One of the most annoying things we face as people with chronic illnesses is people who decide they know how to cure us, while having no idea what we are going through. People who don’t realize how condescending their advice ends up being, and frequently how wrong or even dangerous it is. The constant need to give advice or to become the recipient of every single article on the subject of our conditions is something a lot of us put up with, if not actively struggle against.
Most of the time, the urge is spurred on by good intentions. So it gets me particularly angry when it is the failure of science reporting that is the cause of the most recent flood of misinformation being pushed my way.
In the last two months, Crohn’s Disease has trended on Facebook twice: once to brag that a vaccine against Crohn’s has been discovered (it hadn’t) and once to let everyone that they’ve discovered what causes Crohn’s (they haven’t).
In both cases, the articles were written in a way that suggests that the authors (or their editors) had no real understanding of science. That or they willingly inflated a story knowing it was fraudulent, and supported their claims with information that appears significant when it isn’t.
Continue reading “Crohn’s cause by Evil Eye; Cured by Unicorn Tears”
If you pay attention to either science or woo journalism surrounding medicine and health, you’ve probably come across someone using a statistic regarding yearly diagnosing rates of various disorders.
One well-known example is the statistic bandied about by anti-vaxxers: that the rate of autism diagnoses have risen since the implementation of regular childhood vaccinations. This is used as proof that vaccines must cause autism. The same thing however can be said for the number of cars per household in the United States. By this logic, owning vehicles can cause autism.
Similarly, a recent article discussing a potential crohn’s vaccine discussed the rising rates of crohn’s diagnoses as proof that the condition was linked to a bacteria found in cattle. Interestingly enough the same statistic is used as proof for the theory that crohn’s is caused by historical poverty leading to a need for higher immune systems which are overpowered for our more sterile society.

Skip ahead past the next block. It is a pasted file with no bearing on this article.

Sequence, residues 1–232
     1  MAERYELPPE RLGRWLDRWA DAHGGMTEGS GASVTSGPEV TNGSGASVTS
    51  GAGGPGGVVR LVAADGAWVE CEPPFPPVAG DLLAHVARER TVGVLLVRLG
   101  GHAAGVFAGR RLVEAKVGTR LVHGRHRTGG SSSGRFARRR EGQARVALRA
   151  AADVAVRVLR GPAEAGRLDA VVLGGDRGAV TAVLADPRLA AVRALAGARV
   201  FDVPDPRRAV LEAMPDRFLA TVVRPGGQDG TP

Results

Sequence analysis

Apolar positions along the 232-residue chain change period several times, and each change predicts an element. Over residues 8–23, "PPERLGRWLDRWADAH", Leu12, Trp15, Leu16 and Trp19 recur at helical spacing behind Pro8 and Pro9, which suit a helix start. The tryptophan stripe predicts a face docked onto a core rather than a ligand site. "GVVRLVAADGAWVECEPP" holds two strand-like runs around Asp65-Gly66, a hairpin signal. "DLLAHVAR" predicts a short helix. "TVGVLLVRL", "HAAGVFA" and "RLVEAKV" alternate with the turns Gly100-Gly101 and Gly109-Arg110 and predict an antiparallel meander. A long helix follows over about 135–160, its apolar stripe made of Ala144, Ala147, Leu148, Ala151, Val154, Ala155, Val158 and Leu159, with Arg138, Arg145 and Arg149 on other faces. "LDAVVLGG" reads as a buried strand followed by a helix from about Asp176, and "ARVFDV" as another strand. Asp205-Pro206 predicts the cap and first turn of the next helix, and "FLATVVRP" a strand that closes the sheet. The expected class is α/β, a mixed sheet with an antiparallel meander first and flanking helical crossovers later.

Increased number of diagnoses in the last severalyears have been used to discredit the existence of depression, anxiety, ADHD, and many other mental health issues. As proof of an overmedicating society.
Continue reading “The Lie of More Diagnoses”
Guest post by America Yamaguchi
[CN: sexual assault]
“Female-bodied” is a term that is endlessly harmful.
It reduces cisgender women to their uterus. While childbearing is a massively important component of patriarchal harm, it goes far beyond that. It is also harmful to insist that childbearing or a uterus is what makes a woman a woman, both to trans people of all genders, and to cisgender women who are infertile for any reason. It compounds a major source of psychological distress to cis women who cannot have children. By the standards of “female-bodied” to mean the uterine body plan, a cisgender woman who is missing any aspect or has a dysfunction by any part, is bound to feel like less of a woman. Thus, this term directly attacks the womanhood of a variety of cis women as well as trans women.
Continue reading “What’s the Harm in “Female-Bodied”?”
Please note that this post is a repost from our old blog. The Ottawa Cancer Foundation retracted the invitation to Jenny McCarthy in part due to a twitter campaign #dropjenny.
In 1998 Andrew Wakefield published a fraudulent paper linking autism to the MMR (Measles, Mumps, and Rubella) vaccine. What followed was a growing movement of scared parents who began avoiding getting their kids vaccinated for fear that they would become autistic. For years scientists could not repeat the results found by Wakefield. Finally in 2004, Wakefield was found to have a conflict of interest in favour of finding a link between the vaccine and autism. In May of 2010, Andrew Wakefield was found guilty by the General Medical Council and was struck of the medical register and banned from practicing medicine.
The rumour campaign against vaccines was picked up by Jenny McCarthy, an actress with no scientific or medical background. She became the mouthpiece for the supposed controversy, despite the fact that there was no scientific basis for any of the claims she made. Despite this, her fame allowed her greater publicity. She used her son’s supposed autism* to gain sympathy, and to tug at the heartstrings of worried parents everywhere. Hordes of new parents opted against vaccines. Not just the MMR, but others as well. Parents began sending pox pops to one another, and holding chicken pox parties. Adults who had previously had their vaccines, opted against getting their regular boosters.
Continue reading “Who Could it Hurt”